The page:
Report cards can be the cause of much stress between parents and teenagers and I have spoken about this on the podcast many times.
It can be a stressful time for parents but also for children. Kids today are under so much pressure to achieve that I believe it is almost at breaking point. In this Episode 26: Exams, Tests, End Of The Year Pressure…Help! I discuss ways in which you can deal with this, specifically in helping you shift your focus from the grade or result to the process, to help your children develop courage and self-motivation.
It’s such an important thing to think about and I was fortunate to have been given the opportunity to understand this early on in my life as a parent. As such I wanted to share some of the things that I have learned so that you can adopt some of my strategies around discussing report cards to help you build courage and self-esteem and motivation in your child.
I invite you to really think about what report cards and grades really mean for you.
Perhaps you can take some time to reflect on these questions:
- How are report cards viewed in your family?
- How does the conversation typically go with your child after you have read the report card?
- Is it a relaxed or stressful conversation?
- Are you triggered by something you see on the report card?
- Is there something that you know you would rather see?
- Do you focus on your children’s grades? If so, why?
- Do you fear your child not doing well? What do you think is behind this fear?
- Are your kid’s results driven by your agenda or their own?
- Do you reward your children for good grades?
- What do you resist?
- What is it that you find hard to let go of?
Are you more focused on the grade than the process by which the grade was achieved?
In this post, I’m going to focus on the impact that our chosen response might have on our children surrounding their report cards and how we can shape our behavior positively.
“Hey Mom, did you get my report card?” asked my son
“Yes I did, it came last Friday”
“How did I do?”
“Have you seen it yet?”
“Oh, sorry, I thought you’d seen it at school. Here it is, when you have read it you can tell me what you think of it?”
This is exactly how a conversation around report cards with my son played out. I had actually read the report a few days prior to him asking me but had totally over-looked it in the busyness of life… Over the years I have learned to focus on the process and not so much the outcome, hence I had over-looked it!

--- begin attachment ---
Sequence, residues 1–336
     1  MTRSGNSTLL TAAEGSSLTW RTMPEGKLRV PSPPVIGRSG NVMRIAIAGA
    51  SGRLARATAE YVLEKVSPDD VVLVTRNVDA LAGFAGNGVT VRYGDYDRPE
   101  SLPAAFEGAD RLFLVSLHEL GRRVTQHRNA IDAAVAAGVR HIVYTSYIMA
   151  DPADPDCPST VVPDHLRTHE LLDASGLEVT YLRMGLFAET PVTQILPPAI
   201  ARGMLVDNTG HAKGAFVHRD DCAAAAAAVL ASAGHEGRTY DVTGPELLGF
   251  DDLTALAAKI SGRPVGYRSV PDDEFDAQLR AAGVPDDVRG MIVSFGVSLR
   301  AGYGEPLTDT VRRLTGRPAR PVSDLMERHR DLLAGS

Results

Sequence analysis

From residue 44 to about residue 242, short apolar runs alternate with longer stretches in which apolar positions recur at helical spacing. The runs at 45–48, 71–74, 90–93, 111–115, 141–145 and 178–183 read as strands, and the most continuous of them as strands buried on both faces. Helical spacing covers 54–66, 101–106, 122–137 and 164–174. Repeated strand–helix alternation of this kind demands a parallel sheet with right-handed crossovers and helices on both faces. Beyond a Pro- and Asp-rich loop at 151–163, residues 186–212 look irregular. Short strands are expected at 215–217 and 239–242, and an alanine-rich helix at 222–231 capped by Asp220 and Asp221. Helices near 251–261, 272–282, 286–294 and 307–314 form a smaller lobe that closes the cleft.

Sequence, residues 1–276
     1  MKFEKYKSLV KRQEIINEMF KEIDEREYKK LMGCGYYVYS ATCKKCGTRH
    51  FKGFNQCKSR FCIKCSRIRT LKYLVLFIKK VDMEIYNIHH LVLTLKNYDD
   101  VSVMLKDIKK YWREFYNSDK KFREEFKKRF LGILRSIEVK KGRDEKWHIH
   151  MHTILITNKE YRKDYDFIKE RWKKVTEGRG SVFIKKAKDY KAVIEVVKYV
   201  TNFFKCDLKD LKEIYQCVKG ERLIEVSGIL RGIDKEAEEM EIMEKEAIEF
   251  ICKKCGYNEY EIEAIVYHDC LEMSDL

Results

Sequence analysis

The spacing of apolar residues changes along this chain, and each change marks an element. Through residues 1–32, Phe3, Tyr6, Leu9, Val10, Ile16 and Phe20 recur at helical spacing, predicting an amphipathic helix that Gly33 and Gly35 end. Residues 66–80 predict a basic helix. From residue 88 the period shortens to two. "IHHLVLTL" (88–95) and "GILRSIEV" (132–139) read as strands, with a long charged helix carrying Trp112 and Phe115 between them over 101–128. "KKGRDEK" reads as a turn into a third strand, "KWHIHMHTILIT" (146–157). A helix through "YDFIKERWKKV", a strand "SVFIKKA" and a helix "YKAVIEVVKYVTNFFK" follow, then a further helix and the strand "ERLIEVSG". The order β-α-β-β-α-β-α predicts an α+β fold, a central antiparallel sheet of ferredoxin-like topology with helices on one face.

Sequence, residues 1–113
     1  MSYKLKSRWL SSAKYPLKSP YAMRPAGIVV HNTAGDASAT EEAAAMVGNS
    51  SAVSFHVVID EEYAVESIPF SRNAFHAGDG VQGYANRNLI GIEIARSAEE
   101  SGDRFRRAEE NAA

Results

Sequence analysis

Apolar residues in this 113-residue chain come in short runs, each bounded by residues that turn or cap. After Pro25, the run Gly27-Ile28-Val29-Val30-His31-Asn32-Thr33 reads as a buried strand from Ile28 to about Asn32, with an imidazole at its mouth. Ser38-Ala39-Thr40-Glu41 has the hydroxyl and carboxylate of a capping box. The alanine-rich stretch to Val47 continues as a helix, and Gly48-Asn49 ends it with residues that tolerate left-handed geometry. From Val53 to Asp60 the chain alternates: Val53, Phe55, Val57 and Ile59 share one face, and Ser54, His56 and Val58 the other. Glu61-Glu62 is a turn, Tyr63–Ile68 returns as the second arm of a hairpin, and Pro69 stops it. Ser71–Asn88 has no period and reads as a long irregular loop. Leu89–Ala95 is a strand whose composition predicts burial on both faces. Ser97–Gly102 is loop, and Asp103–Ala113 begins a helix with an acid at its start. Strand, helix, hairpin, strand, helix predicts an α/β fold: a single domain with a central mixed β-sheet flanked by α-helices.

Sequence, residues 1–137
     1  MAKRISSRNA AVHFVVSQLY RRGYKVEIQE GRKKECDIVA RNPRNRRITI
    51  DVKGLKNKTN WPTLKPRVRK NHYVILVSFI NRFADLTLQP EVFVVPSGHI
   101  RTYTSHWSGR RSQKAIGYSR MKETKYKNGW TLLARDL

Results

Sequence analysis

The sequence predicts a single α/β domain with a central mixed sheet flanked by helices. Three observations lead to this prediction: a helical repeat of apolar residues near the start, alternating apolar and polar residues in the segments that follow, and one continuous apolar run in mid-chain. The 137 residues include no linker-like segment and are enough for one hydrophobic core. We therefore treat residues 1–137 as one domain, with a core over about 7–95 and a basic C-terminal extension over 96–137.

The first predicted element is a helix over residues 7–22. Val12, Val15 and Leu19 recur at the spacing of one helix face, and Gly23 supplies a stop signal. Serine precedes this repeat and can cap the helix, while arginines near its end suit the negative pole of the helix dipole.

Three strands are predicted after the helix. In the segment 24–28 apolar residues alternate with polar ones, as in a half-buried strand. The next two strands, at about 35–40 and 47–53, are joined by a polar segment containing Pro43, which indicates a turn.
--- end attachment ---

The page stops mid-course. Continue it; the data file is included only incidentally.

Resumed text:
When we did discuss it, I made a huge effort to consciously shape my behavior and shift my chosen response to one of encouragement. The subsequent conversation we had was highly productive and positive.
If you are interested in finding out more about the negative and addicting effects of PRAISE and the benefits of ENCOURAGEMENT and see more examples of each, download the How To Facilitate Healthy Conversations With Your Child About Report Cards – Content Upgrade PDF Document that I have created for you. It will really help refine your language of encouragement and take it to another level.
As a result of my husband and I adjusting our focus from praise (the only one we knew) to encouragement, I believe that our kids have learned the relationship between effort and outcome. This is exactly what we want them to learn because we believe the grade will speak for itself if this pattern of cause and effect is understood by our kids.
In Episode 16: Preparing Ourselves For Report Cards I discussed how our behaviours and responses to what we see on our child’s report card can influence them developing courage and self-motivation… or not.
Going beneath the surface and understanding what it’s really about for YOU will ultimately help you shape your behavior and allow you to become the parent your child needs you to be.
I believe that much of it depends on what we, as parents, choose to focus on.
As Dr. Shefali Tsabary, author of The Conscious Parent states, when we shift our focus from the grade to the process,
“… we embed in them a thirst for learning that surpasses the fleeting pleasure they derive from gaining our approval through grades.”
Many of the parents I work with have never considered viewing the impact of their behavior and focus through this lens.
What do you want?
I want my children to want the Grade they desire and believe themselves capable of. I don’t want them to feel that they have to get a specific Grade on account of me, nor be fearful of what might happen if they don’t get that Grade. And, I don’t want them to only get a specific Grade in the hope of a reward.
A child who has been threatened or bribed to perform to someone else’s standards is simply being taught to be externally motivated rather than internally driven.
Personally, I don’t believe that I can make my kids get A’s as much as I can make them eat Brussels Sprouts!
I can, however, have reasonable expectations of my children. I can also encourage them, commend their effort and any improvement, focus on the process and help them develop good work habits and organizational skills. This is what will contribute towards them becoming capable of any outcome they desire. I strongly believe that shaping our children’s learning habits comes from shifting our own focus from the grades, trophy’s, accolades and end results to the journey and the process.